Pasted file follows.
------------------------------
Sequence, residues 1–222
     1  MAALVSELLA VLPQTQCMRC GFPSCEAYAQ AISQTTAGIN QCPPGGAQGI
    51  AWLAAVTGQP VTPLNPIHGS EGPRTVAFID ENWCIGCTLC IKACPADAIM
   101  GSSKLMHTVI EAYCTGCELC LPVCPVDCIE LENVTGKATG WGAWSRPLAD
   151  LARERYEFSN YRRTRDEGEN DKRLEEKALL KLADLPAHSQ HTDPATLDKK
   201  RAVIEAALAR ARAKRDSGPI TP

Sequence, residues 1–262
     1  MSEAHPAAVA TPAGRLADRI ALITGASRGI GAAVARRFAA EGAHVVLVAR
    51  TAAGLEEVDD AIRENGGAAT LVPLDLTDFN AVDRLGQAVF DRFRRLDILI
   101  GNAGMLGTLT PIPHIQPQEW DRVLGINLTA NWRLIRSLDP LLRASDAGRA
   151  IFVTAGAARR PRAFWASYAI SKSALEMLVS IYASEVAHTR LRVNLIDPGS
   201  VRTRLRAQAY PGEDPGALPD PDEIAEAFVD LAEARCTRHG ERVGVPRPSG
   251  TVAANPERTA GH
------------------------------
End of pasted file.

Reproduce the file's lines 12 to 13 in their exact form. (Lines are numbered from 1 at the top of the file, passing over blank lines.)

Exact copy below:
   201  VRTRLRAQAY PGEDPGALPD PDEIAEAFVD LAEARCTRHG ERVGVPRPSG
   251  TVAANPERTA GH